"The Italian 'mobile diphthongs’'" sheds light on the complexity of one of
the salient analogical changes that occurred in the Italian language, viz.
the elimination of the alternation between the stressed diphthongs [jɛ] and
[wɔ] and the unstressed monophthongs [e] and [o], respectively, within a
limited group of inflectional and derivational paradigms. Historically, the
monophthong–diphthong alternation was the consequence of a pan-Romance
diphthongization process that affected the Late Latin low mid vowels in
stressed positions. The relatively recent levelling of this alternation has
led to a great deal of variation: in some cases the alternations are
maintained while in others they have been eliminated.
The first aim of the present study was to scrutinize durational aspects of
Italian diphthongs and monophthongs in general. The second aim was to
examine to what extent the variation caused by analogical levelling of the
monophthong–diphthong alternation, attested in written sources, also occurs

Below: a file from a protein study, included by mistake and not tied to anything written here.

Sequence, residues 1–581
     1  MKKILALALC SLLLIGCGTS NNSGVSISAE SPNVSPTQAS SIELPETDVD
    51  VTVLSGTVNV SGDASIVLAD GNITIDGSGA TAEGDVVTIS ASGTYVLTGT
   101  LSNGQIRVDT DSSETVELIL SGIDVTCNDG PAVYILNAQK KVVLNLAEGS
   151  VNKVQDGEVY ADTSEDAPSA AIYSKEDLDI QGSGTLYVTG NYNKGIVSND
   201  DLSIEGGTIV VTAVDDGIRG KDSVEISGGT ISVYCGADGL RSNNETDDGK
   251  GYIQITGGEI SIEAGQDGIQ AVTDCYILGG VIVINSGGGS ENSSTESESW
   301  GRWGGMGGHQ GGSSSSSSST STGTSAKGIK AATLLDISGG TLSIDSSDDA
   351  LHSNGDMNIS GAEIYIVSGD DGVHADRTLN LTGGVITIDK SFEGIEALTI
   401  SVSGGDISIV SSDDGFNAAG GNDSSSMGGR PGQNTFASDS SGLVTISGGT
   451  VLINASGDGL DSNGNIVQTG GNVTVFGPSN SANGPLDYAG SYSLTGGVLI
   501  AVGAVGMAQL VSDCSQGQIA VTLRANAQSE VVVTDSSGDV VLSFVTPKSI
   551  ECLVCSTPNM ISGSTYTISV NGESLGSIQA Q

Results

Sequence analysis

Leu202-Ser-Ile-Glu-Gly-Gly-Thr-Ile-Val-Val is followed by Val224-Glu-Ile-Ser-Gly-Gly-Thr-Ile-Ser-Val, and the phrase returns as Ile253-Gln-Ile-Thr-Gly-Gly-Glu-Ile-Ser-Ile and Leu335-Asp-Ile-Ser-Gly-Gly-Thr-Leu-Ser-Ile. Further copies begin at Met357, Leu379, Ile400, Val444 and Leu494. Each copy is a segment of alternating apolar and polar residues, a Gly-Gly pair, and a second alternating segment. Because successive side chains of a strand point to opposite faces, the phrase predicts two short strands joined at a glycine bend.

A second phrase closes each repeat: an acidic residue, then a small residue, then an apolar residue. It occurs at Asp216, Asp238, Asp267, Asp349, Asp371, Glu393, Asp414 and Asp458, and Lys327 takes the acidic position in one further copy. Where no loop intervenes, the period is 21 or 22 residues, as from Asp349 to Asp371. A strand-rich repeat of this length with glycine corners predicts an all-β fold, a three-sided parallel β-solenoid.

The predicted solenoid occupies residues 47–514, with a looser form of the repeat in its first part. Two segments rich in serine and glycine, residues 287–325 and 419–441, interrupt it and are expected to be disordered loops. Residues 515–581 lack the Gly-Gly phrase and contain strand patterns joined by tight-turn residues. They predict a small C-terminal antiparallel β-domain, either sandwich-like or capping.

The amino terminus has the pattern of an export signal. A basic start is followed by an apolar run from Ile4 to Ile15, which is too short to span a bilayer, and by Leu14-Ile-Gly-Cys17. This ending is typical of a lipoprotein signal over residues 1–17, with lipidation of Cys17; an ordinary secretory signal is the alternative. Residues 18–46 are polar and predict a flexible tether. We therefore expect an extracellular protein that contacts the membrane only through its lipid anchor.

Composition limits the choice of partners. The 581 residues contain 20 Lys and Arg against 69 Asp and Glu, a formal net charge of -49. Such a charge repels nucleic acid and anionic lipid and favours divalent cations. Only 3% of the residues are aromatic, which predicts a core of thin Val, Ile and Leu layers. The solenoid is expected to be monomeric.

in the spoken language. To investigate these issues, a series of production
experiments was carried out with native speakers of Italian. The final aim
was to provide a coherent phonological treatment of the insights provided
by the experiments within the framework of Optimality Theory.
The book is intended as a contribution to experimental phonetics and
phonology. It introduces an exciting tool for language-variation research,
the speech-shadowing technique, and discusses recent phonological
approaches to phenomena such as glide formation, analogy and paradigm
uniformity. Therefore, this study is of interest to both phoneticians and
phonologists, as well as to linguists with a special interest in Italian.